Last week I reviewed Fed Chairman Ben Bernanke's testimony before the House Committee on the Budget on the economic outlook for 2012. Yesterday, Bernanke gave a similar testimony in the Senate Budget Committee Hearing, and like last week, Bernanke was asked a few tough questions about zero interest rates.
I think it's important to know what members of Congress are asking Bernanke and what Bernanke is saying to them. First, it's nice to see that members of Congress are expressing similar concerns that we have. It probably won't change Bernanke's plans, but at least he's hearing the concerns. Second, it can guide us on an online petition that I discussed on January 26th. I will have more on the petition later this week.
This Washington Post article has a good review of Tuesday's Senate hearing. The main takeaway from the article is that it's going to take a lot more reduction in the unemployment rate before the Fed changes its commitment of ultra low rates until late 2014.
I reviewed the C-SPAN video of the Senate hearing. In the two hours of Chairman Bernanke's testimony, I found the following exchange between Senator Pat Toomey (R-PA) and Chairman Bernanke most relevant for savers. This exchange started at approximately 1:28:30 into the hearing. I transcribed this exchange below, and I highlighted the exchange that specifically talked about savers.
Senator Pat Toomey (R-PA):
It seems unlikely to me anyway that the Fed would pursue such a extremely accommodative monetary policy as it has been pursuing and is pursuing if it weren't for the employment mandate. I'm concerned about some of the unintended consequences of maintaining zero interest rates, negative real interest rates. And I wonder if you would comment on some of these.
When I think about some of the implications, we have savers being punished for this, at least twice, once by virtue of the fact that after sacrificing their whole lives to accumulate savings, they get no return, and then, the very real possibility that the value of those savings will be eroded.
Secondly, we're encouraging excessive risk taking.
Thirdly, it seems to me this drives a misallocation, certainly has the potential, to drive a misallocation of investment, and I would argue, the risk of creating bubbles. In fact, it's hard not to see the U.S. Treasury market as a bubble right now.
Lastly, doesn't this enable the excessive deficits that we're running here, in part because they're funded at artificially low interest rates?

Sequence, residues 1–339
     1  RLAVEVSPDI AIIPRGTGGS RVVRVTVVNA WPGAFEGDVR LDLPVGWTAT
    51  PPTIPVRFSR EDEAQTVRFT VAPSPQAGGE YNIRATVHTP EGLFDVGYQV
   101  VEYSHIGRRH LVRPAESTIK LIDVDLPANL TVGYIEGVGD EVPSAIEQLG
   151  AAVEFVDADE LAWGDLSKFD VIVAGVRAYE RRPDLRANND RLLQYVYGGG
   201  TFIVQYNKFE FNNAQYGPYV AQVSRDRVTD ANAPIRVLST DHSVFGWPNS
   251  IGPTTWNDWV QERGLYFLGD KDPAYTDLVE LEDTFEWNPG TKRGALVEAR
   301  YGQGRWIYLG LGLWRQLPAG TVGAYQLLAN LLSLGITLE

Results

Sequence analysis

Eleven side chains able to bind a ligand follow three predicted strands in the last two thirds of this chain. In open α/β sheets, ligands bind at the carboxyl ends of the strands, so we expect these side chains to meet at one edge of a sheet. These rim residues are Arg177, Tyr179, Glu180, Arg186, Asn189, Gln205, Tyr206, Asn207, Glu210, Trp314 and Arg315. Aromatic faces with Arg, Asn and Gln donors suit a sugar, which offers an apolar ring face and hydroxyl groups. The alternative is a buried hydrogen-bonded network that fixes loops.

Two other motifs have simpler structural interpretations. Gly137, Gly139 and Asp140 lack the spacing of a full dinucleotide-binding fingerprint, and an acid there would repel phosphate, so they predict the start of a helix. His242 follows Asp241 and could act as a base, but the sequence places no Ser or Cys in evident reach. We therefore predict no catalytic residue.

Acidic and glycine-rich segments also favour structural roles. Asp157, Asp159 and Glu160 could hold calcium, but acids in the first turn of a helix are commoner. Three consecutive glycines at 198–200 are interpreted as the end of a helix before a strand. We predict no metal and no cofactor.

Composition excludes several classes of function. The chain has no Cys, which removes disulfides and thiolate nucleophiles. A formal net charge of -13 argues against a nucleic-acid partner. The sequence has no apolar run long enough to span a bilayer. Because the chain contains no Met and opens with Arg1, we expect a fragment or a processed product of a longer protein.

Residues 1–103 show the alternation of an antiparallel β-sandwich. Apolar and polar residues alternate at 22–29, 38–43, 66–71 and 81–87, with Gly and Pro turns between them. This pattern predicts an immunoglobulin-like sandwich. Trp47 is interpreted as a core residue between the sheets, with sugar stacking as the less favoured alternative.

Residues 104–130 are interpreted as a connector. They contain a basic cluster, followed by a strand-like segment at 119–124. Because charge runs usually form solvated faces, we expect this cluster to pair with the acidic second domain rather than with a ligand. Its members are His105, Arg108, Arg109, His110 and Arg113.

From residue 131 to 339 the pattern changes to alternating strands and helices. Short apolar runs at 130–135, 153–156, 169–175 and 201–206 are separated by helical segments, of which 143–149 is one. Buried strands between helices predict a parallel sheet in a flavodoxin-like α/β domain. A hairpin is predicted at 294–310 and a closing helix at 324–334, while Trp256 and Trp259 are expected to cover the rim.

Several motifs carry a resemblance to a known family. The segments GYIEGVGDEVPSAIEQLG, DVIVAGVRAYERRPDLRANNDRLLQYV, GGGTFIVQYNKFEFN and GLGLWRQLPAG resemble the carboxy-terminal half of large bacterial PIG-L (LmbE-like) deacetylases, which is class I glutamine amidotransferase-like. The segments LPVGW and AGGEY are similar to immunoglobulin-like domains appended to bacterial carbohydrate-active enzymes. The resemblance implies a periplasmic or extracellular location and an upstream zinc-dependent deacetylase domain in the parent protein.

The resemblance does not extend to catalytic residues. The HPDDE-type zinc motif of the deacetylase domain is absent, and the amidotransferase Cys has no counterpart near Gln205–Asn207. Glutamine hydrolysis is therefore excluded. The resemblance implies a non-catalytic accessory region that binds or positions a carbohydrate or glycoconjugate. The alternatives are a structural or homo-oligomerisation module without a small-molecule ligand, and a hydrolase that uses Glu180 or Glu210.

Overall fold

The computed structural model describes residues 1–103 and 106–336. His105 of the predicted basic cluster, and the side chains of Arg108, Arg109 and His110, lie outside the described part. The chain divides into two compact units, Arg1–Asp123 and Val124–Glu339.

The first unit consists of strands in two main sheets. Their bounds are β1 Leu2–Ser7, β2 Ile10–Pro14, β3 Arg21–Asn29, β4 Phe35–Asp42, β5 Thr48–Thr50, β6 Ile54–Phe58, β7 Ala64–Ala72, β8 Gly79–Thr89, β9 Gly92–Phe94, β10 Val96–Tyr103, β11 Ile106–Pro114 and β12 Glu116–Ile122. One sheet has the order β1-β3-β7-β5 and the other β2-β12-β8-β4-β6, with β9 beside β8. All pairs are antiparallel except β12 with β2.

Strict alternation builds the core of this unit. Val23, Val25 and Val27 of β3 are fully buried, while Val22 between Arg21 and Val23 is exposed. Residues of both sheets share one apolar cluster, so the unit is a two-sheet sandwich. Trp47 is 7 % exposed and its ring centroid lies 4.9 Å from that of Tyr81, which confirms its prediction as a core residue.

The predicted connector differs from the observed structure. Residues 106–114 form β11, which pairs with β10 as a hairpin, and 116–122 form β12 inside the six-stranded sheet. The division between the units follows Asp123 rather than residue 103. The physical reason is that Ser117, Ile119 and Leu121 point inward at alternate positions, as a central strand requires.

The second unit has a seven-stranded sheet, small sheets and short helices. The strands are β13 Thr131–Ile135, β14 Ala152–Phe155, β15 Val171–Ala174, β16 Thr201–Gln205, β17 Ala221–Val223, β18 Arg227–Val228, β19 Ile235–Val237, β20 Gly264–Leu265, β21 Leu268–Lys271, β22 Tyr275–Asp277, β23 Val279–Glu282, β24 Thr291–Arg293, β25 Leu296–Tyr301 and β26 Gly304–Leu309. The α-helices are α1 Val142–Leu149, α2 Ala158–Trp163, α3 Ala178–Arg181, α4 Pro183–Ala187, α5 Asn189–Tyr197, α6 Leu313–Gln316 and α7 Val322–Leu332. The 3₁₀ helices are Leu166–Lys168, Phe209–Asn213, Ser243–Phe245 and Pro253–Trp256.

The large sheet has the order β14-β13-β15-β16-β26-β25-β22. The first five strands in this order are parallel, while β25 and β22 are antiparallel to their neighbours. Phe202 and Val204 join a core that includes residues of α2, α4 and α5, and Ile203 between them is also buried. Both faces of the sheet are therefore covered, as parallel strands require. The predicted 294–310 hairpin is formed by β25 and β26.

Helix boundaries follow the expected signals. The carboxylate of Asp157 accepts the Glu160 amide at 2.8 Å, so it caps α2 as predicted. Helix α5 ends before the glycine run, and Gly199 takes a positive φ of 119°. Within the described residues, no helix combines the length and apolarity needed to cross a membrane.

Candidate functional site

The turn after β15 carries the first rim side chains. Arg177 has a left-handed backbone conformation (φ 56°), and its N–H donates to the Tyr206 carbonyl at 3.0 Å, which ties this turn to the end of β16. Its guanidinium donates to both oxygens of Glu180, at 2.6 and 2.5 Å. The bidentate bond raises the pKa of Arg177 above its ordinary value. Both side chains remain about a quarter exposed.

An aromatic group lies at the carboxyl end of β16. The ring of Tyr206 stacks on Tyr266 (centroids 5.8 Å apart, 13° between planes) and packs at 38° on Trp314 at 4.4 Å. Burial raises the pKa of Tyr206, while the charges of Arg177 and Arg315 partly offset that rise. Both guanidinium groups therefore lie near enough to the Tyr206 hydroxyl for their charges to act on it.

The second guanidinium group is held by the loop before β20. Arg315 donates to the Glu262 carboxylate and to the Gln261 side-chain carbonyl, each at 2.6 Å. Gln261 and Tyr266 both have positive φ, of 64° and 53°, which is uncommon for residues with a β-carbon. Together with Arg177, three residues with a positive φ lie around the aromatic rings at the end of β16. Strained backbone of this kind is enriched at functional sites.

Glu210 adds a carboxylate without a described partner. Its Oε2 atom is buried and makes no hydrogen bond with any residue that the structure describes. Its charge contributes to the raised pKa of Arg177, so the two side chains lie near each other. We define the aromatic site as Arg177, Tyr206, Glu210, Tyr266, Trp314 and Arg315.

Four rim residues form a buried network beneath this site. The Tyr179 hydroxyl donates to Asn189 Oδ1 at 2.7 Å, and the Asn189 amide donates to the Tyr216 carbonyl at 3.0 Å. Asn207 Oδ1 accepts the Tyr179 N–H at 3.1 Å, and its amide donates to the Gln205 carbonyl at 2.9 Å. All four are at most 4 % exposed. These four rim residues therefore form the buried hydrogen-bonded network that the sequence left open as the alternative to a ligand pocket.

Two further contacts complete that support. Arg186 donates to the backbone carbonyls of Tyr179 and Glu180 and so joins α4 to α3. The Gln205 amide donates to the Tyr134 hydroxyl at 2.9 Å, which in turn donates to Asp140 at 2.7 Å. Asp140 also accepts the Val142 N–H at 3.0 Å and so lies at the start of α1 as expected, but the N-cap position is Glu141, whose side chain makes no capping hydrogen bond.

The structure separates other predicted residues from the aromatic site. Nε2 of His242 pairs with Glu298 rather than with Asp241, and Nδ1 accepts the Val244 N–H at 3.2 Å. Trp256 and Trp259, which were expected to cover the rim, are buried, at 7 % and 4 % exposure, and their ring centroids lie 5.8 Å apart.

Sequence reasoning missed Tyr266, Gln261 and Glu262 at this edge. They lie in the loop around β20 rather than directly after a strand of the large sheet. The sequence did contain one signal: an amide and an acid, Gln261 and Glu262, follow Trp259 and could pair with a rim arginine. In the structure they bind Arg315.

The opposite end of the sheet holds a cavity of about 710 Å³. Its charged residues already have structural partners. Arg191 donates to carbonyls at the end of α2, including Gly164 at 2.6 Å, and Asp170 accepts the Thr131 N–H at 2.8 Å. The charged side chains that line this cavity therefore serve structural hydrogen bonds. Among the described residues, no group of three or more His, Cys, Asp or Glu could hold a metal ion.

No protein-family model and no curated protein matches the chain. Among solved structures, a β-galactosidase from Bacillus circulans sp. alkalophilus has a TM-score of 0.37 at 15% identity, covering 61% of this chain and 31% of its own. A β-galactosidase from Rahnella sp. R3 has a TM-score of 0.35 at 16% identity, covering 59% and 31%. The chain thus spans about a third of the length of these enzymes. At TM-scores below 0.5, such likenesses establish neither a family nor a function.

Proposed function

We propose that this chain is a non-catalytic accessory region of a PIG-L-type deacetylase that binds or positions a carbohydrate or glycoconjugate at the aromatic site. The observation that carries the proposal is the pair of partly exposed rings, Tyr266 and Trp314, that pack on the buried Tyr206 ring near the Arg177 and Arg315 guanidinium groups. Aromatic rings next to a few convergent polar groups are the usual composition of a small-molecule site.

So these are some of the concerns I have from this policy, and I wonder if you would just comment on them.
I don't know if I can cover all of them.
Let me first say that there are single mandate central banks like the Bank of England and the ECB, which have policies very similar to the Fed. Given that inflation is close to target, I don't think we would be doing radically different things if we had a single mandate at this particular point in time.
We're quite aware of these costs and risks. I've talked about them in speeches. It's one of the reasons we discuss the efficacy and risks associated with the policies as part of the overall discussion.
With respect to say savers, for example, it's true that low interest rates reduce the returns that savers get on their savings, but I would make the general point that savers just don't necessarily hold say Treasury bonds. They also hold corporate debt, stocks and a variety of other securities. And the returns of those securities depend very importantly on the strength of the economy. So we're trying to strengthen the economy. We're helping to improve the returns to savers.
To some extent on risk taking, to some extent, part of the reason for the policy is to move people away from very conservative liquid positions slightly more into riskier positions that involve investment and lending and so on that would help promote strength in the economy. We don't want to go too far, and we're very attentive to that, and we have greatly expanded our ability to monitor the financial system and to watch out for problems and to try to address them. I've been in many conversations with insurance companies, pension funds, and so on.
On misallocation, we're trying to get the economy back to a more full employment situation. When we're this far away from full employment, it's not obvious that the investments that are being made are the right investment. They may be insufficient, for example, because there's not enough demand for product.
I guess the last comment I would make, you asked me before about deficits, and I understand that concern, but I think that the effect of fed policy, independent of all the other factors, on Treasury rates is modest, and in any case, rates will rise eventually, and if the investors would lose confidence in U.S. federal fiscal policy, there is nothing the Fed could do to prevent those rates from rising. So I trust that Congress would understand that independent of the Fed's policy here, which is aimed at strengthening the economy which also helps deficits, that it's extremely important to be looking ahead and making appropriate plans for stabilizing the deficit.